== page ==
Online lately it’s mostly been for camera gear, or holsters, or “Asian women want you”, and not even the holster ads qualify for patriotic kitsch (the asian dating ads definitely don’t).  I’ve seen the Last Swab ads a few times, but thought “a swab I have to wash with soap and water?  That seems wasteful on its own.”  

    The one ad class I’ve gotten most consistently, for reasons I have been unable to fathom, has been for those Chinese fashion knock-off web stores.  I don’t understand that one at all, but they’re often trying to sell me bikinis it seems.

    On Facebook I do get a lot of ads for Catholic kitsch – scapulars especially.  

    All told, I think I’m basically not the target audience of almost any ad campaign anymore.  It’s rather nice.

    • #14
  15. SkipSul Inactive
    SkipSul
    @skipsul

    Midget Faded Rattlesnake: It would be funny, though, if the Americanness of American-made household appliances were advertised like the Americanness of American-made cars. If swirling Old Glories disclosed small appliances skidding down scenic mountains trailing beautifully-lit clouds of dust behind them. If larger appliances bounded across amber waves of grain with dogs perched nobly in back. If grizzled heartlanders approvingly eyed other grizzled heartlanders over their toasters, silently communicating the trust all good Americans ought to feel in anything American-made. If patriotic clothing tumbled slo-mo in an all-American dryer. If I saw appliance ads like that, I’d chuckle. Even feel affection for the product. Still, probably not buy it, since more prosaic concerns like affordability and space preoccupy the attention of reluctant consumers like me. And what does my resistance to consumerism get me?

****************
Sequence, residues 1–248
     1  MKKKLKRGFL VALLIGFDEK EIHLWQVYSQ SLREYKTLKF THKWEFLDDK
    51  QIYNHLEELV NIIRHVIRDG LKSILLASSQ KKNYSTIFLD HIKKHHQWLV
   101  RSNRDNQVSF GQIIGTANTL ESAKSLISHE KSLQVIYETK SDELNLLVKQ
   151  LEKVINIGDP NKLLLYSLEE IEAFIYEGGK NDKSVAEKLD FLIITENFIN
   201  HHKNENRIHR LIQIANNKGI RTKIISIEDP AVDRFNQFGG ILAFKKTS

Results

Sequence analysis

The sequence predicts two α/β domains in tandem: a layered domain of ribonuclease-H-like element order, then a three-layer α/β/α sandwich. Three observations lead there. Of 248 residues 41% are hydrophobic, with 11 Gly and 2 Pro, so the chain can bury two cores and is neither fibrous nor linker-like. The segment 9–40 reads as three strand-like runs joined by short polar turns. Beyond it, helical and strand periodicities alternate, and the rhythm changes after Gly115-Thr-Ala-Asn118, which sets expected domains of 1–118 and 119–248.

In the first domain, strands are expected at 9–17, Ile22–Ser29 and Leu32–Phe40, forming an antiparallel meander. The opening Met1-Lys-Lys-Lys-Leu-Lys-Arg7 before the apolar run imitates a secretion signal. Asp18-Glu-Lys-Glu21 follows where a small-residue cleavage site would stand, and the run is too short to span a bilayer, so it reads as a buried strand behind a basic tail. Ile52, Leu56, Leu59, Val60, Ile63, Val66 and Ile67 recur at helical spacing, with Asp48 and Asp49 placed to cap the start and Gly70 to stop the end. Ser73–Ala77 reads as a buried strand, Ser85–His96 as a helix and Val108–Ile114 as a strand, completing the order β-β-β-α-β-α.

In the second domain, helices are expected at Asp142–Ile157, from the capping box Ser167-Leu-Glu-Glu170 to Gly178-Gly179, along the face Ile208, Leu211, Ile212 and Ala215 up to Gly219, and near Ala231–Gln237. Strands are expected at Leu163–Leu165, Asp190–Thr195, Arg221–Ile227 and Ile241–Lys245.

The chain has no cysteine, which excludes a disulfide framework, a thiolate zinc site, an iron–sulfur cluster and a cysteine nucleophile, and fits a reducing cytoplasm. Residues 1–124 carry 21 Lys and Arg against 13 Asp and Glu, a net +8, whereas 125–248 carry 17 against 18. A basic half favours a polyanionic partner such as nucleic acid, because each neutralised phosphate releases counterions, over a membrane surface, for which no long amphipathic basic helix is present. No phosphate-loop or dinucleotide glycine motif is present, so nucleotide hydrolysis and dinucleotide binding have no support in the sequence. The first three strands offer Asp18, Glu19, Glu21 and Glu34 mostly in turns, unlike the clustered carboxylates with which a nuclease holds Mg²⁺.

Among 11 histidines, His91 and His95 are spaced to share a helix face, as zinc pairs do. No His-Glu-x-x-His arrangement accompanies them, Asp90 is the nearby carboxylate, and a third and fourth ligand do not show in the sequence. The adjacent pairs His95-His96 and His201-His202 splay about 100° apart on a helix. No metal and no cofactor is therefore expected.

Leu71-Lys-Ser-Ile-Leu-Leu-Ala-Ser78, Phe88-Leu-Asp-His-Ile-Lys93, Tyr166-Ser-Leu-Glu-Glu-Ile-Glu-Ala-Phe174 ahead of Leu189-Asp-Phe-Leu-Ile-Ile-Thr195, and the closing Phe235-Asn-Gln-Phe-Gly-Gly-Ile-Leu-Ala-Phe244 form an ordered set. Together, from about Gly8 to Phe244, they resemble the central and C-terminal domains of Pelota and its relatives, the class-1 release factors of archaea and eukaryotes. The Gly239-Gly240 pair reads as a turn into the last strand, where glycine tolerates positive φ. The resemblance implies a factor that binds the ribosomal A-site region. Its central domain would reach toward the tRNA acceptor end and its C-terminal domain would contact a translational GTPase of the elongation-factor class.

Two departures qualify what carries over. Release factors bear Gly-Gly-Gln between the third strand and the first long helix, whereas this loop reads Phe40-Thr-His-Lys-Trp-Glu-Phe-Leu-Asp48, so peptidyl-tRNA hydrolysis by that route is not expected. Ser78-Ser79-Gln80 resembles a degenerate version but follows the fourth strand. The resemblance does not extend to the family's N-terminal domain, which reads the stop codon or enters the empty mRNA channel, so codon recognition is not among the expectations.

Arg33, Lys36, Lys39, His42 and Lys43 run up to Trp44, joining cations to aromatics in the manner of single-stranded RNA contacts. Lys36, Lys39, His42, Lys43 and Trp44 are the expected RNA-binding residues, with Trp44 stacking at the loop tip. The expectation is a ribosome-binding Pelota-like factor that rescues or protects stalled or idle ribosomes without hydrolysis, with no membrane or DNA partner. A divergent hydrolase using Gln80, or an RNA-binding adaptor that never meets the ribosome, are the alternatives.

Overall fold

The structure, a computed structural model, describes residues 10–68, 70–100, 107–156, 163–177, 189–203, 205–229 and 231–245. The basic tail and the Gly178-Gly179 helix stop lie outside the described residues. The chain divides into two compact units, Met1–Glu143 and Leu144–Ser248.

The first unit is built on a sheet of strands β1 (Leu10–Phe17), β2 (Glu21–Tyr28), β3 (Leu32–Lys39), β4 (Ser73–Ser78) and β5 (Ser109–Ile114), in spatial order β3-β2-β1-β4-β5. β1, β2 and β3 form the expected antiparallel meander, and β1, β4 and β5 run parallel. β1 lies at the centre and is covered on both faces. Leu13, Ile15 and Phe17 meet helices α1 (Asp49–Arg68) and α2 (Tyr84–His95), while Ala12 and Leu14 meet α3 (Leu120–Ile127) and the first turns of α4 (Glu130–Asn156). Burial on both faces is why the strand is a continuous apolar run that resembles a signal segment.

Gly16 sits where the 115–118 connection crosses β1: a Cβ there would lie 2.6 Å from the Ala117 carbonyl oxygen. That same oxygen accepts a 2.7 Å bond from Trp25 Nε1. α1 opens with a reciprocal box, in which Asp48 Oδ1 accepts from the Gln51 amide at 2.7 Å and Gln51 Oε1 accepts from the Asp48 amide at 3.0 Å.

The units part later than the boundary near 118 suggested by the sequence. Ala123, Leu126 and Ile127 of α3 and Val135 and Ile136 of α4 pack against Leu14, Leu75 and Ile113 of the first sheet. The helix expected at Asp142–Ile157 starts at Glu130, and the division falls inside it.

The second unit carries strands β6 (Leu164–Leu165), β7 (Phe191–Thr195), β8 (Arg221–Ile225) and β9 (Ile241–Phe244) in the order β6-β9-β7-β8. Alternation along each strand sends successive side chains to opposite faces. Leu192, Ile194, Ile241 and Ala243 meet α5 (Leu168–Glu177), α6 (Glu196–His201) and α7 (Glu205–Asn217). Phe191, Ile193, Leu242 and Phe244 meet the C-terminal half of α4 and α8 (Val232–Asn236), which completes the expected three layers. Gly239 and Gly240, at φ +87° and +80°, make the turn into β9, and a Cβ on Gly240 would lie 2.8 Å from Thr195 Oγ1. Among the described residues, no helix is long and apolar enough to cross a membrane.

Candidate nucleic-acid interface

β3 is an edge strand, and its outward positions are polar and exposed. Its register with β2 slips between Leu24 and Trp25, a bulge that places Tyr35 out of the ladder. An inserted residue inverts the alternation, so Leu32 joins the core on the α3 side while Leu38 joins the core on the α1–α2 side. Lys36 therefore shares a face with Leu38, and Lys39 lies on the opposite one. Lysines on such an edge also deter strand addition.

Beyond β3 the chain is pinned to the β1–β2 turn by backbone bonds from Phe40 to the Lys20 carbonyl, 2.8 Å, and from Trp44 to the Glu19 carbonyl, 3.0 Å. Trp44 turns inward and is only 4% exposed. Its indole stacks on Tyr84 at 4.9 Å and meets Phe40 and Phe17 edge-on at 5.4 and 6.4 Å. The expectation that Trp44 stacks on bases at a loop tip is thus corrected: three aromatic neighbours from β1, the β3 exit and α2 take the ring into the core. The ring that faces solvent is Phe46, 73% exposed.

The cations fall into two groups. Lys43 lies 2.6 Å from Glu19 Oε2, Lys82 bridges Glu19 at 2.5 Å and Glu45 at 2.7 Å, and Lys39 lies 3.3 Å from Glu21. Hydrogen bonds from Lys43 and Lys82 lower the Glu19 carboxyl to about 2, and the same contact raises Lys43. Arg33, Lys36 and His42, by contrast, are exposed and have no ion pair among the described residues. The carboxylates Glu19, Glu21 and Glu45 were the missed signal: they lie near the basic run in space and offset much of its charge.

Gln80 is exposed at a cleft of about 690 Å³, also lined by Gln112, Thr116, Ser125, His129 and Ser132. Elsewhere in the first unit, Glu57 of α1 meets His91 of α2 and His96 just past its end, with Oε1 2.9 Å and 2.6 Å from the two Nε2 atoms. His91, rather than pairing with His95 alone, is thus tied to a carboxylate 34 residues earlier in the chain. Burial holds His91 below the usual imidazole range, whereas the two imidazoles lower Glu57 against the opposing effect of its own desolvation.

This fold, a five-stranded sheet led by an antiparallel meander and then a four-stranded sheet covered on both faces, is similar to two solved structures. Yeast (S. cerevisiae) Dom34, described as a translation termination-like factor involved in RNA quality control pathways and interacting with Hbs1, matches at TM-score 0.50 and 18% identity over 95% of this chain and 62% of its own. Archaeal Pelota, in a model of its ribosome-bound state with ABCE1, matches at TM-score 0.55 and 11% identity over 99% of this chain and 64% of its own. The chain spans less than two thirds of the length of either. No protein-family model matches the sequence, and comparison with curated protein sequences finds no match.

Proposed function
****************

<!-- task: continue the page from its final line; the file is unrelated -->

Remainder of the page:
• #15
  16. E. Kent Golding Member
    E. Kent Golding
    @EKentGolding

    Black Rifle Coffee sent me a Coin / Medallion for being a coffee club member.   It is beautiful,  very well made.  Not sure what the hell I am supposed to do with it —  I am not a medallion collector.   I appreciate the Pro Military, Pro Police ethos of the company,  but mostly I just drink the coffee.  The coffee tastes good.    I appreciate that it is not sold to me by Leftists,  but mostly it is overpriced, very tasty , coffee.   I would rather they charged less rather than sending me incendiary stickers or medallions,  but drinking the coffee tells my family that they bought me a nice gift.  And the coffee actually does taste really good.

    • #16
  17. SkipSul Inactive
    SkipSul
    @skipsul